• Re:Prepare for all (Score:1, Interesting)

    by commodore64_love (1445365) on Saturday February 20, 2010 @06:19PM (#31213666) Journal

    >>>When your brother was looking for a Start menu on Ubuntu, how the hell did he get anything done on Windows 7?

    Beats me. I wondered the same thing, and gave him a look like, "You gotta be kidding me. The Ubuntu Start menu (or equivalent thereof) is right in front of you." But I just pointed and said, "Here."

    As for the calculator I understand why he didn't find it. On Windows it's under Accessories and called "calculator", so easy to find for my brother. On Ubuntu it was buried under about 100 other programs and instead of "Calc" it's called "Kalc", so even for me it took awhile to find. It wasn't in alphabetical order.

    And in further defense of my brother - he's a truck driver from the hippy generation (60s). He grew up with Beetles, analog dials, and mechanical tools, so he's not familiar with this new digital world like I am. Or you are.

    Still he's able to get around Windows 98, XP, and 7 decently, so I don't know why Ubuntu Linux stumps him? (shrug)

  • Re:Prepare for all (Score:3, Interesting)

    by NotBorg (829820) on Saturday February 20, 2010 @06:22PM (#31213694)

    I find it interesting that people think that old people are going to have the most trouble with technology. Really if you look at how much technology changed over the years they've seen more change than your average youngster. I've found that many old geezers are more comfortable with technology changing than some middle aged geeks.

    Once you accept that it is new technology and it is different than that you've seen before the learning curve isn't as steep. Children don't have a prejudice about technology and old people can often overcome their prejudice faster having done so many times over the years. Its everyone in between that is the problem.

    I don't mean to derail the conversation. I'm not trying to say Linux is easy or hard or that you will or will not end up in a support nightmare. Just that in my experience ease of use within an age bracket isn't really that reliable of a metric. Yet the very young and old are often used as "proof" that Linux is easy.

    (I learned at an early age to not underestimate those who yell at you to get off their lawn. They can be crafty sons of bitches in their old age. They will get you.)

  • Re:Try OpenSUSE (Score:3, Interesting)

    by obarthelemy (160321) on Saturday February 20, 2010 @06:47PM (#31213854)

    1- The 4 problematic PCs are running XP or 7 perfectly right now, so I'm not buying the faulty/crappy hardware line. I checked driver support, they are even supposed to be linux-compatible even if old-ish, except for a very old Via-C7 one which should require manual config, except I can get to that point. My issue is not about Linux being hard to install, because when everything works it's very easy. My issues with Linux are more about limited driver support, failure to install on some systems, lacking/outdated documentation, and disappointment with forums help. But that's not the question at hand, I'll make do with those issues.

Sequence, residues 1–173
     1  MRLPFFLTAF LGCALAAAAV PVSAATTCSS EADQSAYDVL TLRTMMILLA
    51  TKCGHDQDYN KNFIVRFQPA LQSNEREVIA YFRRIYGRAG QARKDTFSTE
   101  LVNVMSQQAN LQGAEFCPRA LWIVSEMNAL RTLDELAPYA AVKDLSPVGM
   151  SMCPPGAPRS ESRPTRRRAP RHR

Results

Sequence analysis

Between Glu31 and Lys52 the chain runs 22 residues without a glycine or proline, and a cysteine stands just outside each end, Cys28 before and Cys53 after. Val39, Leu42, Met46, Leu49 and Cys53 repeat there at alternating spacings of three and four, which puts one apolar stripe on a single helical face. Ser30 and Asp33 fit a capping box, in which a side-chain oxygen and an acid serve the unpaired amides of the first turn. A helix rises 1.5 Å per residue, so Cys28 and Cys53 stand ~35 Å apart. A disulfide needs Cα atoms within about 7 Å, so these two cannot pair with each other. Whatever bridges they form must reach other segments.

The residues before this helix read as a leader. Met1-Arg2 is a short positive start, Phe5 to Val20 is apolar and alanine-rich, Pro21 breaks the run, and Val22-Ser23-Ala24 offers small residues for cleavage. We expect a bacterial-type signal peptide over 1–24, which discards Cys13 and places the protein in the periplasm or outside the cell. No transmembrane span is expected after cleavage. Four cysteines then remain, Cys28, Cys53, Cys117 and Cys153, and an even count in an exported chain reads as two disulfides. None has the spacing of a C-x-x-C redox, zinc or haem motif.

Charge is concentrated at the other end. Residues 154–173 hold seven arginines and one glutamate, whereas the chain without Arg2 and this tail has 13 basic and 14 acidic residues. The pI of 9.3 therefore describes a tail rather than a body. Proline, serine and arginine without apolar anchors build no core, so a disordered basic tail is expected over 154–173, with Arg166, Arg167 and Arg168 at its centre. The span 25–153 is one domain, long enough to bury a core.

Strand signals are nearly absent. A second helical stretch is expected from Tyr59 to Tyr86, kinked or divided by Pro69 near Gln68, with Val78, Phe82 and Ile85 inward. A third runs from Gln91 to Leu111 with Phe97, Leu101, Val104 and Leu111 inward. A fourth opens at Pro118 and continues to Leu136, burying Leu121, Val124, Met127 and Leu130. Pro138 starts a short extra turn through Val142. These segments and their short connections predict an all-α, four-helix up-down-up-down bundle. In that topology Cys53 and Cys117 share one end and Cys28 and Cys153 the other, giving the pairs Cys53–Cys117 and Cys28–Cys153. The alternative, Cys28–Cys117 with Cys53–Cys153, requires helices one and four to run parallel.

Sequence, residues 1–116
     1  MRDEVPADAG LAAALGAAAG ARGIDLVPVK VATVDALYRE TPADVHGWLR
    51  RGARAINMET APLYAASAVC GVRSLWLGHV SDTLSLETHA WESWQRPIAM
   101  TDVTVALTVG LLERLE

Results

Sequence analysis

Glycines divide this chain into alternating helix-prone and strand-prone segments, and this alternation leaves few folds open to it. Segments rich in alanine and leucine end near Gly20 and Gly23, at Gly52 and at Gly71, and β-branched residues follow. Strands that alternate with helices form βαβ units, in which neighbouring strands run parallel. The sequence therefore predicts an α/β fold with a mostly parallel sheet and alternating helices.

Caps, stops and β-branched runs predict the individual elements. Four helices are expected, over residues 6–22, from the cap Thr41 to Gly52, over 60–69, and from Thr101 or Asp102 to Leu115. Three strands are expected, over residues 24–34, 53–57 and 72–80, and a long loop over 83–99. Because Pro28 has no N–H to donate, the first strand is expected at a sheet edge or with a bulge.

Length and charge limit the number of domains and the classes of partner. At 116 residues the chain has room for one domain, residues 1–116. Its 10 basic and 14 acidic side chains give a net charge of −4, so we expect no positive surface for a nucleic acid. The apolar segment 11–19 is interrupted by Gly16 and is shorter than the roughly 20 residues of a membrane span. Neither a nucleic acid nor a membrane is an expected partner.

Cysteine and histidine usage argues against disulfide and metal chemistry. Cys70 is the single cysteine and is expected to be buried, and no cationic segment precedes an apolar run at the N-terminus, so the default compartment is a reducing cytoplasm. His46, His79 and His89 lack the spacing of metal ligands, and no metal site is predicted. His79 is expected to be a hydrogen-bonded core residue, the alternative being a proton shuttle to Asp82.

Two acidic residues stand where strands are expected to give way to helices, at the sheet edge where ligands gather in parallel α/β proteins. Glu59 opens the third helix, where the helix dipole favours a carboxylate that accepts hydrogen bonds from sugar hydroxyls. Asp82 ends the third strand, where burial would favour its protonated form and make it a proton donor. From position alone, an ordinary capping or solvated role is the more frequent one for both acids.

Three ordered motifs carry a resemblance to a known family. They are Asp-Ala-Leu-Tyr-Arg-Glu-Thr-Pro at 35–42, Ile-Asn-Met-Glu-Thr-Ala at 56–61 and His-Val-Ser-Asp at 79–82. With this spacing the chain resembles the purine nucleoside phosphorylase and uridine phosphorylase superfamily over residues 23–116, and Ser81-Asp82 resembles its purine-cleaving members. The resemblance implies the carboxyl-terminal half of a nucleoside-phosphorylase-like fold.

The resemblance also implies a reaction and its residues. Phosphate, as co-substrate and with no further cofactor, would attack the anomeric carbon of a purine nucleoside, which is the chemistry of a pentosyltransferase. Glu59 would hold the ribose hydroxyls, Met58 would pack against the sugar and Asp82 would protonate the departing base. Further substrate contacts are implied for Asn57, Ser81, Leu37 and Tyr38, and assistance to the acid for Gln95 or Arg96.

2- You're making the assumption that I'll DL the distro and run around installing it everywhere. You're wrong. And they won't see me fumbling. By the time I roll Linux out, I'll be competent enough (or I won't roll it out), and after a few funny experiences, I do all my installs at home, alone, with peace, quiet, time, my PCs and my tools on hand. Plus it a good policy to make them at least make the effort to bring the PC over, otherwise I'm a permanent on-call slave.

    3- Making it look and feel like XP is a way to have the flattest possible learning curve. You're free to disagree, but I don't find the 'set expectations' approach convincing.

    4- Read the OP: I installed Ubuntu. My issues with it is implied: not XP-like enough. I didn't mention the other problems I have with Ubuntu apart from the look and feel, though I do have some: rsync fumbling ntfs-to-ntfs syncs; nx-desktop configuration (the doc seems to assume more knowledge than I have, which is a common Linux catch). I assume you'll give me the "ntfs is bad" speech, but since I won't switch everything overnight I'll have a lot of NTFS everywhere, all my users data partitions and backup drives are ntfs.

    The 'icons moving around' thing was just an exemple, not a key design goal/issue.

  • by quixote9 (999874) on Saturday February 20, 2010 @10:54PM (#31215512) Homepage
    That's all there is to it. Ubuntu is easy. You have to put all the proprietary multimedia stuff on yourself, but that's pretty much a matter of installing one package from synaptic: ubuntu-restricted-extras.

    Brown is ugly, so change the wallpaper. Honestly. Why people act like this is a showstopper beats me.

    Last and far from least, put the panel where they're used to it, with the trash over there and the Start over here. And you're all set.

    I set up laptops recently for my brother-in-law and his niece, both of them Windows users of the type who don't know a browser from a desktop. I figured I'd have no end of support, but that would still be better than the even bigger infinity of sorting their machines out after their daily virus infections.

    In over six months, they've had no problems. None. There was one question: how to make the panel transparent because they were using different wallpaper.

    They're not the type to use forums for questions, but if they were, the ubuntu forums are the most informative and friendliest to noobs of the lot.